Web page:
Add these delicious and healthy vegan fats to your meals and create a well-rounded plant-based diet! Read about different types of fatty acids & find easy recipes.
Are you afraid of eating fat? Don’t be!
Even though low-fat diets have been the craze for a long time, experts agree that it’s beneficial to consume healthy fat sources on a daily basis.
Fat is a macronutrient that has been misunderstood for some time, but we need it for energy, cell function, nutrient absorption, and much more.
While some people are unsure whether oil is good for you, it’s a no-brainer that we need to consume healthy vegan fat sources.
Types of fat
The quality of fat sources can differ widely, so we need to go over the different types of fat — and which you should emphasize — first.
Mostly found in animal products but also in plant-based foods like coconut or palm oil, saturated fats (also called “solid fats”) are associated with a higher risk of heart disease.
Replacing this type of fat with healthier fat sources (see our list below) lowers your risk of heart disease!
Trans fat is the type of fat that is the worst for your health! It can increase your risk for many health problems and is often found in fried and processed foods such as cake mixes, shortening, donuts and pies.
Animal foods like red meat and dairy also have small amounts of trans fats.
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Monounsaturated fats are one type of “unsaturated fat” and are abundant in olive oil, canola oil, sunflower oil, avocadoes, and many nuts.
They are health-promoting and should be used to replace saturated fats!
The other group of “unsaturated fat,” polyunsaturated fat, is also preferable and has a beneficial effect on your heart when eaten in moderation.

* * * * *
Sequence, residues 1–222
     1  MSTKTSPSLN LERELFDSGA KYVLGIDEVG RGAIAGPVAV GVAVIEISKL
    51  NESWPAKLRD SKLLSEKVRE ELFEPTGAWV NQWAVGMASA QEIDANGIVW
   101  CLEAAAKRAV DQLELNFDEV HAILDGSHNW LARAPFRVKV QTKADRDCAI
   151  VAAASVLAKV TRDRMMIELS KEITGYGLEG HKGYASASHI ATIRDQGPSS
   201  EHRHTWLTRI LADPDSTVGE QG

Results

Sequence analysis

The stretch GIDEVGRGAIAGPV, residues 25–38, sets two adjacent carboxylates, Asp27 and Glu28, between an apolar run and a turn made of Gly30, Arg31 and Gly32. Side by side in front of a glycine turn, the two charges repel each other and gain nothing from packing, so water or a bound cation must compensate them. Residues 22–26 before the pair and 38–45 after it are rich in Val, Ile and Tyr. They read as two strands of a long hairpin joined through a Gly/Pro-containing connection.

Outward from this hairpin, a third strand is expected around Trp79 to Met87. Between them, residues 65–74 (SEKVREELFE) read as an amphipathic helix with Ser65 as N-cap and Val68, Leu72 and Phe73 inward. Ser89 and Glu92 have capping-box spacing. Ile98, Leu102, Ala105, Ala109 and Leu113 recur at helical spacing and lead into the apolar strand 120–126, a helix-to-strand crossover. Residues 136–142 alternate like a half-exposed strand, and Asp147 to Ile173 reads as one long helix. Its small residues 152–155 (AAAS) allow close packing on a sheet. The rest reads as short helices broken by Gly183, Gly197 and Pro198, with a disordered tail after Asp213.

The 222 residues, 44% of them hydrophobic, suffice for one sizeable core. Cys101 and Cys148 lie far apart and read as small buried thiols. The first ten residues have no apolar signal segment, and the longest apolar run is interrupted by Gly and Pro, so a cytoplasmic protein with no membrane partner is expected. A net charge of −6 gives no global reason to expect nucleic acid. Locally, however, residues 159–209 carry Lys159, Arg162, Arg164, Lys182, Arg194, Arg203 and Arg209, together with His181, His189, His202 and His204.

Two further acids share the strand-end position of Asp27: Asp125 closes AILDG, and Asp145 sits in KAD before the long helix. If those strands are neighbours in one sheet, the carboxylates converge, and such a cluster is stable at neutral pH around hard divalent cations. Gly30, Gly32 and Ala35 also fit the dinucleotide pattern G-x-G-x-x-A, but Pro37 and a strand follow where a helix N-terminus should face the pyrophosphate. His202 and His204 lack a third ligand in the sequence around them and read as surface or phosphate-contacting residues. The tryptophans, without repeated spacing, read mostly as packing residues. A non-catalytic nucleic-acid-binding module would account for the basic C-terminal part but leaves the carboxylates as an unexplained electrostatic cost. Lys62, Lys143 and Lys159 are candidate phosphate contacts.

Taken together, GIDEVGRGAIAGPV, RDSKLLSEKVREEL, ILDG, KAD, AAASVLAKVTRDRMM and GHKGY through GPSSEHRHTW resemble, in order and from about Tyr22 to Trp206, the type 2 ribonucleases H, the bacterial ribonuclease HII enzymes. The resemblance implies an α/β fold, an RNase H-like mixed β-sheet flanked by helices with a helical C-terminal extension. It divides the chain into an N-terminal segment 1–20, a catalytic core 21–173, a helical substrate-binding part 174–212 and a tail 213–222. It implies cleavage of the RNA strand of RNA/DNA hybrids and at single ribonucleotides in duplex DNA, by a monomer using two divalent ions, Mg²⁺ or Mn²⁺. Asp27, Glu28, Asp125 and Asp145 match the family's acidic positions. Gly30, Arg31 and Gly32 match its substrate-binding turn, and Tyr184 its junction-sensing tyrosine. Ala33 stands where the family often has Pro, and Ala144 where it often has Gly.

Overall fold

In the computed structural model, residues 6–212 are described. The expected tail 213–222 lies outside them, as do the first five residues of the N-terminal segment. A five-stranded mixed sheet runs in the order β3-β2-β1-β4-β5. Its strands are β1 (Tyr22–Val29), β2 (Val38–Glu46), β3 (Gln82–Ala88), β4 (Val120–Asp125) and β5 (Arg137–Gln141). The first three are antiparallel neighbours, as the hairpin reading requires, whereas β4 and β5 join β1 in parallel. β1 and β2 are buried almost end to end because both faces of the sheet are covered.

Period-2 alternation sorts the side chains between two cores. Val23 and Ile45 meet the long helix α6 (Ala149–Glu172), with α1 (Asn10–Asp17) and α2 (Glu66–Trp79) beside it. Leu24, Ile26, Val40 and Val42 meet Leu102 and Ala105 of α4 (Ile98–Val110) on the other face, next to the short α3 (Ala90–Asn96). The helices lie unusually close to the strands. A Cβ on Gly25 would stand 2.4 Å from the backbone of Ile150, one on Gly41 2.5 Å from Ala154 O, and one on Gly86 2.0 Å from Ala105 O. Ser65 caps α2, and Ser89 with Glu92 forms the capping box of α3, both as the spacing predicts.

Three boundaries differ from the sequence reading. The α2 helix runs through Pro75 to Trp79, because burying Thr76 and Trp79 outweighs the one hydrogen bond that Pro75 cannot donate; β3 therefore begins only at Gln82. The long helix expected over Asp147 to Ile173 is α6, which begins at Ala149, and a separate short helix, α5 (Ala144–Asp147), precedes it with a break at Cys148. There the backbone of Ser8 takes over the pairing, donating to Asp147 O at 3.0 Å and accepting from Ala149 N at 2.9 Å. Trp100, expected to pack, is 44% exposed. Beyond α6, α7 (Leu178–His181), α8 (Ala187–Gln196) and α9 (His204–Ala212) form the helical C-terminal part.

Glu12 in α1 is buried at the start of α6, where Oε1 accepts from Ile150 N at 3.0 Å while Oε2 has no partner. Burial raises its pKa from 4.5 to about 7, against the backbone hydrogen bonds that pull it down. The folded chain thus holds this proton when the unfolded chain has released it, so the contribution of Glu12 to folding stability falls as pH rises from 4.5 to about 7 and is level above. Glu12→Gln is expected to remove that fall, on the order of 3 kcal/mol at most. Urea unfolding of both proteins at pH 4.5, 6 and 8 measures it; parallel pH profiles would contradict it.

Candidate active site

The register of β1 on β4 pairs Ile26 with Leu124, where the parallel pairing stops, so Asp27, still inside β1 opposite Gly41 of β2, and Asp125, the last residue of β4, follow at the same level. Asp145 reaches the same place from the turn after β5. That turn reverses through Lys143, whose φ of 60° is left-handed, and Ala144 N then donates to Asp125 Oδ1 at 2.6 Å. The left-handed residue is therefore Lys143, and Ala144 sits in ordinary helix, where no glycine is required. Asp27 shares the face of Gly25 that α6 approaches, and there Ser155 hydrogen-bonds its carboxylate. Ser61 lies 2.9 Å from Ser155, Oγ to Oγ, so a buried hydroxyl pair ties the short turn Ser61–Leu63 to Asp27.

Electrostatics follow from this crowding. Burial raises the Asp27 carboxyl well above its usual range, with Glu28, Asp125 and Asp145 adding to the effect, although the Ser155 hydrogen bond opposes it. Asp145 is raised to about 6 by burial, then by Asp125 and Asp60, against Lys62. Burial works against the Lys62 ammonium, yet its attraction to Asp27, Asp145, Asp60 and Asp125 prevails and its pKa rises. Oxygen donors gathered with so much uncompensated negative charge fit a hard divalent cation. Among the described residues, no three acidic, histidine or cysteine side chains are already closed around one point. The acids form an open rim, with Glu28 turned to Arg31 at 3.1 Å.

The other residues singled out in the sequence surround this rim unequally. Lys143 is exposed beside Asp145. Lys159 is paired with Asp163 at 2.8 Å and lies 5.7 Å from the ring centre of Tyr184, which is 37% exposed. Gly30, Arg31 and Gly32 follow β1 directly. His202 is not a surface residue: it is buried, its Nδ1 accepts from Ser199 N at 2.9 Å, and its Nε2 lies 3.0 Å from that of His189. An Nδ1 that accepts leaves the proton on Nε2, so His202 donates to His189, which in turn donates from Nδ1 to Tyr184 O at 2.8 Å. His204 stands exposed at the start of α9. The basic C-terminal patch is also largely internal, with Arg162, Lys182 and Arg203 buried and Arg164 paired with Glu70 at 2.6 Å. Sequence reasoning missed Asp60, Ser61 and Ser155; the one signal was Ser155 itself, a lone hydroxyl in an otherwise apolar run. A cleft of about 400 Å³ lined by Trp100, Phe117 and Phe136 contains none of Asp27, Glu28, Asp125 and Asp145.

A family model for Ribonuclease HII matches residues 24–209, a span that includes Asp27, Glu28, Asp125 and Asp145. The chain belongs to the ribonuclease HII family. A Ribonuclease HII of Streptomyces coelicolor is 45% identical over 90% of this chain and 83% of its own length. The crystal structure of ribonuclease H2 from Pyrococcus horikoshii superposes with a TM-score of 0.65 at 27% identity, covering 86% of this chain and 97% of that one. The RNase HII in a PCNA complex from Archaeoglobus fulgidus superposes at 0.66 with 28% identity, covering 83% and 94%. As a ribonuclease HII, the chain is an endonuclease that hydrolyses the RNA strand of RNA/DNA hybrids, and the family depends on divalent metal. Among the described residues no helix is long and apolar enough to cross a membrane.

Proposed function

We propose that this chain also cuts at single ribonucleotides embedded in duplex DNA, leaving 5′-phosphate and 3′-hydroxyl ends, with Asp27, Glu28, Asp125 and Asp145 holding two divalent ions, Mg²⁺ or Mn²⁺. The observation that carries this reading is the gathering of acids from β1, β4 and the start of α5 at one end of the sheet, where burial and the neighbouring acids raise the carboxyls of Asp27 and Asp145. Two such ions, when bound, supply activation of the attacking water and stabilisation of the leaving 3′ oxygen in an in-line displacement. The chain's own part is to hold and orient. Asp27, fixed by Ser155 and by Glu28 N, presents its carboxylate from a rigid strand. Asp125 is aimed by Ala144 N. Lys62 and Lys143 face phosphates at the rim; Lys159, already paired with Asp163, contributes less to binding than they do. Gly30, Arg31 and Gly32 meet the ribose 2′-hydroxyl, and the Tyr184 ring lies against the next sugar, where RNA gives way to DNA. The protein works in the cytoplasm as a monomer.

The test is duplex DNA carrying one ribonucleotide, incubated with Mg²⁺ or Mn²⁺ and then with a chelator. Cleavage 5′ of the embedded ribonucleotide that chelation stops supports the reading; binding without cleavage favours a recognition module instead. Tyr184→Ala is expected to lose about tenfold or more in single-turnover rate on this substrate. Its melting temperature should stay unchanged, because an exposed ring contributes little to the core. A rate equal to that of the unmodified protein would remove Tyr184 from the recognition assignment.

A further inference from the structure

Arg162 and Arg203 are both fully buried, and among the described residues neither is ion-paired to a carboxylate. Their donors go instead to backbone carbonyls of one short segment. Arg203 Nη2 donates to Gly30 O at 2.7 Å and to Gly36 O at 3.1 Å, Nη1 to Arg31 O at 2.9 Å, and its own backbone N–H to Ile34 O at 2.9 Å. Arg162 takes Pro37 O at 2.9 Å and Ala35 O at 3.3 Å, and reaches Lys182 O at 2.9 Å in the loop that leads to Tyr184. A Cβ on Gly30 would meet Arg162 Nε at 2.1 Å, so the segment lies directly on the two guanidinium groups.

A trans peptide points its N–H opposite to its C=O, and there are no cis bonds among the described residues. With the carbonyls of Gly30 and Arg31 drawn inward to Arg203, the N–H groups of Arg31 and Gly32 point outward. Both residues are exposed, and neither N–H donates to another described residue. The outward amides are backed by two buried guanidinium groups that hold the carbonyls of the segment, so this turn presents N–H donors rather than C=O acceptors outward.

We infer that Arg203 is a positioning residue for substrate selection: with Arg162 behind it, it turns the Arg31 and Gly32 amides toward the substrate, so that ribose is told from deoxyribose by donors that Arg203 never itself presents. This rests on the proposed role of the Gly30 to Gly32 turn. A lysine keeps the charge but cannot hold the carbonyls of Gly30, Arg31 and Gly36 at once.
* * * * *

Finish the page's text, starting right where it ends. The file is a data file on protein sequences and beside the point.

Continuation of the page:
The two main types of PUFAs are omega-3 and omega-6, both of which are considered “essential,” — meaning we need to obtain them from our food.
Find excellent sources for these essential fatty acids in our following list!
Healthy vegan fat sources
Nuts are really crunchy, nutrient-dense, and offer a good amount of fiber, plant-based protein, and unsaturated fats.
We love this versatile, healthy fat source in our oatmeal, granola, energy balls, and salad, made into almond creamer or vegan cheese. Don’t forget about peanut butter, too!
Some nuts deserve honorable mentions because they are especially good for you!
- Walnuts (omega-3)
- Almonds (vitamin E)
- Brazil nuts (selenium)
- Pecans (manganese)
- Peanuts (vitamin B3 & protein)
Seeds are arguably even healthier than the popular walnuts, almonds, or peanuts because they are packed with potentially critical nutrients for vegans (and other eaters.)
The same is true for seed butter made from sesame seeds, pumpkin, or sunflower seeds.
Full of monounsaturated fats, polyunsaturated fats, fiber, vitamins, minerals, and antioxidants, you can enjoy seeds and seed butter in various ways: salad topping, tahini dressing, energy balls, overnight oats, smoothies, or to make your own protein powder.
Some seeds deserve honorable mentions because they are especially good for you!
- Flax seeds (omega-3)
- Chia seeds (omega-3)
- Hemp seeds (omega-3)
- Pumpkin seeds (zinc)
- Sesame seeds (calcium)
Native to Mexico and Central America, avocadoes are enjoyed in almost every country worldwide.